It is time to come out of the closet and admit to the world that I love legal time entry.
Everyone in the legal industry complains relentlessly about having to enter time. It is a fact; time entry is time consuming! Since I started in the legal industry almost thirty years ago, I’ve heard all the complaints. The arguments, the four letter words, and more, can be heard throughout any firm on any given day. So, what is a person to do when they actually LOVE the entire time entry process? Truthfully, I have been forced to hide my delight for too many years. No, I am not crazy and I make some good points that might shift your perspective on time entry– read on.
Essentially, I have always felt that the time entry process was my moment to shine! It gives me the opportunity to showcase my legal talent and what I can accomplish. It is, for the most part, a journal of my work life.
From the moment I see a blank time entry field, my pulse starts to race. The act of entering the amount of time that I worked, makes the event seem all that more real. But, ultimately, the real excitement starts when I begin the narrative composition process.
Think about it! Any profession that requires a person to document the work they perform in time increments, provides the person with a unique opportunity to connect with the client. You are providing your client with a snapshot of what it takes and all that is involved in accomplishing their goals. I have a rule regarding billing narratives – the narrative should always support the time. I am not saying write the next War and Peace or a new Harry Potter novel, but be generous in your description especially if you have allotted several hours to performing the task.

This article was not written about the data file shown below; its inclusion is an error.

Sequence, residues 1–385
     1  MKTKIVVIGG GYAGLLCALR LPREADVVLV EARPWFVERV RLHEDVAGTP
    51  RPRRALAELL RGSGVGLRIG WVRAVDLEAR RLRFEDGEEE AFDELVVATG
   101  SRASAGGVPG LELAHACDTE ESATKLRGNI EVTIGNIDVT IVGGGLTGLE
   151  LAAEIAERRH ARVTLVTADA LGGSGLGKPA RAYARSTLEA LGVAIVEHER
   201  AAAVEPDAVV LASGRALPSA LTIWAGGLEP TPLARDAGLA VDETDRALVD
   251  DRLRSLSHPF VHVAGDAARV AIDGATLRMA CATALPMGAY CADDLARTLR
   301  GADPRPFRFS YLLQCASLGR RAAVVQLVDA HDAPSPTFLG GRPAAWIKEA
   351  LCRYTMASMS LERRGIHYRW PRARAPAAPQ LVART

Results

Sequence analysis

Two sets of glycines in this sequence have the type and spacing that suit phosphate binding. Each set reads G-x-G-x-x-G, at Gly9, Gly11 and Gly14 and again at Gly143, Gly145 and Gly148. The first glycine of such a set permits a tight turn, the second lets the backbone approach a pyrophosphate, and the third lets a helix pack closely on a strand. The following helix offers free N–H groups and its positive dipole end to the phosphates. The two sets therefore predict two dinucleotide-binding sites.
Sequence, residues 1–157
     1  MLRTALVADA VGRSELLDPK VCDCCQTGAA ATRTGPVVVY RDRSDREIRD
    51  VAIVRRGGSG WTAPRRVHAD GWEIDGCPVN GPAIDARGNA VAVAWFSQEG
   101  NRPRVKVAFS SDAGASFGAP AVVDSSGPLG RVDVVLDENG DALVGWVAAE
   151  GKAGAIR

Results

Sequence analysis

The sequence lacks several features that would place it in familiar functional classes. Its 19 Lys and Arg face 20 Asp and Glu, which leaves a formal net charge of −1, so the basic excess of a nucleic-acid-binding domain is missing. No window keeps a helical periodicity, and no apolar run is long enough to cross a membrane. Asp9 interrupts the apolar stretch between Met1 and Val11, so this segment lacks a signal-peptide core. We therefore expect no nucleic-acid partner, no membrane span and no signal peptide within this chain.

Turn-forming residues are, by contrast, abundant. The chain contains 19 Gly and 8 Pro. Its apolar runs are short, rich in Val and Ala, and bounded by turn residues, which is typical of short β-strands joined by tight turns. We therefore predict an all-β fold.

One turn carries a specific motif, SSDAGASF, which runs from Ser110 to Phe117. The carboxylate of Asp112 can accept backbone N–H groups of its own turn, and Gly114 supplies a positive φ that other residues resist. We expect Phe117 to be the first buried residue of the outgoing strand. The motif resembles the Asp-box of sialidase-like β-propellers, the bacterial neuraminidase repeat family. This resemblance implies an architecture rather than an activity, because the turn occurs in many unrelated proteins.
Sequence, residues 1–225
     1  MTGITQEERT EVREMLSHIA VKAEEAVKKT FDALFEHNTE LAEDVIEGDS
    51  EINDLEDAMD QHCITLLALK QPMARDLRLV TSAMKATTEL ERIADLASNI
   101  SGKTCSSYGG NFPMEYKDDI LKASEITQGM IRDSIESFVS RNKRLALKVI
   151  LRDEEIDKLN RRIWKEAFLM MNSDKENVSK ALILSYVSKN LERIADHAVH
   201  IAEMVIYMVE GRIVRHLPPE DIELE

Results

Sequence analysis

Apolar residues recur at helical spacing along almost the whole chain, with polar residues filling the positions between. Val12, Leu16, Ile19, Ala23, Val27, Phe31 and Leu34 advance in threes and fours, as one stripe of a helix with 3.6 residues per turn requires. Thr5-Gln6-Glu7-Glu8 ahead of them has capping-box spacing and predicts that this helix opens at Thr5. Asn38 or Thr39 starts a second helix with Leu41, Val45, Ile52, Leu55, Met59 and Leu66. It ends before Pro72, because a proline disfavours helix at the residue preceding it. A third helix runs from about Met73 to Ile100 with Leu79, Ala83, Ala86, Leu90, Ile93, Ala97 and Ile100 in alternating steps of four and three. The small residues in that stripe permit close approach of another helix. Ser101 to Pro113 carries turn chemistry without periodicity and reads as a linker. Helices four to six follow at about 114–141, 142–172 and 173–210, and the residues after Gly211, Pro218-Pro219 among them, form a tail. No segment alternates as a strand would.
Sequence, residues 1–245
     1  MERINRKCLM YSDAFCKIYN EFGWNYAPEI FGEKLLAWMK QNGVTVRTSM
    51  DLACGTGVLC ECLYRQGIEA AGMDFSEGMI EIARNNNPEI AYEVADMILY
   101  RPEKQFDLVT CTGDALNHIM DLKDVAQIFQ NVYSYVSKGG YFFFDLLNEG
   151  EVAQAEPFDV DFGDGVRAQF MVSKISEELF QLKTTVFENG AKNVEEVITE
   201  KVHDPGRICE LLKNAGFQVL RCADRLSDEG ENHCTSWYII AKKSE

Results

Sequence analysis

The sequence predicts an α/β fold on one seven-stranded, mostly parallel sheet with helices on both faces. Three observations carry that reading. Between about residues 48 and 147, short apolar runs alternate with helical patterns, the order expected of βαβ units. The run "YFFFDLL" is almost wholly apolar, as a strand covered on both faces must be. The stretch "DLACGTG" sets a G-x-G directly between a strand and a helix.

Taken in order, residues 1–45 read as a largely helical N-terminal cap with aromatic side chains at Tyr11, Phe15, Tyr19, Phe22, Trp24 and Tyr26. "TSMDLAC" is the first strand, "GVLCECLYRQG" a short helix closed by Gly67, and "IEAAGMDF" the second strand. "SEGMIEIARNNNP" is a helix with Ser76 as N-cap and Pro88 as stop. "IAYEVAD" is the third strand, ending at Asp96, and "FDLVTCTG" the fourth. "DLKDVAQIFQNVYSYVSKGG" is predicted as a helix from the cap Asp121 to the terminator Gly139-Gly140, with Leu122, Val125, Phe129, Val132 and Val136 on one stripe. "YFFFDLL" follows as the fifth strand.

When you say that you had a telephone call with Mrs. Smith be clear in your time entry by stating what the call was about, the outcome and any outstanding issues. Time billed for research should always outline the topics you covered, a brief narrative on the results and a note if more research is needed. Drafting entries should include a description of what was drafted such as an agreement, letter, pleading, etc. Additionally, you should include a note as to why you created the document, when the document was sent and when you expect a response. In essence, a good time entry narrative eliminates the need for multiple status call. The client should be able (to some degree) see how their matter is progressing through your narrative.
Now let us talk billing frequency! A monthly statement should always be standard and never, never (please never) wait until the end to bill your client. Even when you have received a retainer, waiting until the end to send a statement never goes well. In my experience, you are setting yourself up for the “fee reduction talks.” If I were a betting person, I would say that your starting point for negotiations will be exactly half of the total billed. Monthly statements ward off the “price shock” for your services. It also allows you to have the conversation about fees and costs throughout the process so the whole “awkwardness” of discussing payment is minimized.
Finally, if calls to the client about payment need to be made, I never mind making the call. I strongly believe that when a client engages an attorney, the client completely understands that payment is required. Strong detailed statements, provided on a monthly basis, play a significant role in minimizing the dreaded fee reduction request. Determining when and how the client is going to pay is a call they are certainly expecting and having strong supporting statements makes the process much easier all the way around.